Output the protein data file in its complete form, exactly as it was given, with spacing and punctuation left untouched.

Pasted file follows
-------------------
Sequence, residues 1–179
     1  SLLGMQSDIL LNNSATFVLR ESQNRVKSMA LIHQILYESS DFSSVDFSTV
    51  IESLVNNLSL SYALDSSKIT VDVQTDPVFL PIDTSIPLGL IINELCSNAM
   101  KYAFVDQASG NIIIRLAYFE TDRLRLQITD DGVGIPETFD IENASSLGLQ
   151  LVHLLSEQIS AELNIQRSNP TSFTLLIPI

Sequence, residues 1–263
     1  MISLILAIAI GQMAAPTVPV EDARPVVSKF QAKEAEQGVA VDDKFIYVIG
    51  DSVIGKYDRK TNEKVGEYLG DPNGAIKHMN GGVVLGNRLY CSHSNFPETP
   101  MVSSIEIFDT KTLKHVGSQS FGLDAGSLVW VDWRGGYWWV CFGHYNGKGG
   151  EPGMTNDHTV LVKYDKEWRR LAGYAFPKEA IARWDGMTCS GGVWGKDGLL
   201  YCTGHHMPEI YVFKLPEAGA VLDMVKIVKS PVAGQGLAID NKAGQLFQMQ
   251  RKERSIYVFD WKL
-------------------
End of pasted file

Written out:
Sequence, residues 1–179
     1  SLLGMQSDIL LNNSATFVLR ESQNRVKSMA LIHQILYESS DFSSVDFSTV
    51  IESLVNNLSL SYALDSSKIT VDVQTDPVFL PIDTSIPLGL IINELCSNAM
   101  KYAFVDQASG NIIIRLAYFE TDRLRLQITD DGVGIPETFD IENASSLGLQ
   151  LVHLLSEQIS AELNIQRSNP TSFTLLIPI

Sequence, residues 1–263
     1  MISLILAIAI GQMAAPTVPV EDARPVVSKF QAKEAEQGVA VDDKFIYVIG
    51  DSVIGKYDRK TNEKVGEYLG DPNGAIKHMN GGVVLGNRLY CSHSNFPETP
   101  MVSSIEIFDT KTLKHVGSQS FGLDAGSLVW VDWRGGYWWV CFGHYNGKGG
   151  EPGMTNDHTV LVKYDKEWRR LAGYAFPKEA IARWDGMTCS GGVWGKDGLL
   201  YCTGHHMPEI YVFKLPEAGA VLDMVKIVKS PVAGQGLAID NKAGQLFQMQ
   251  RKERSIYVFD WKL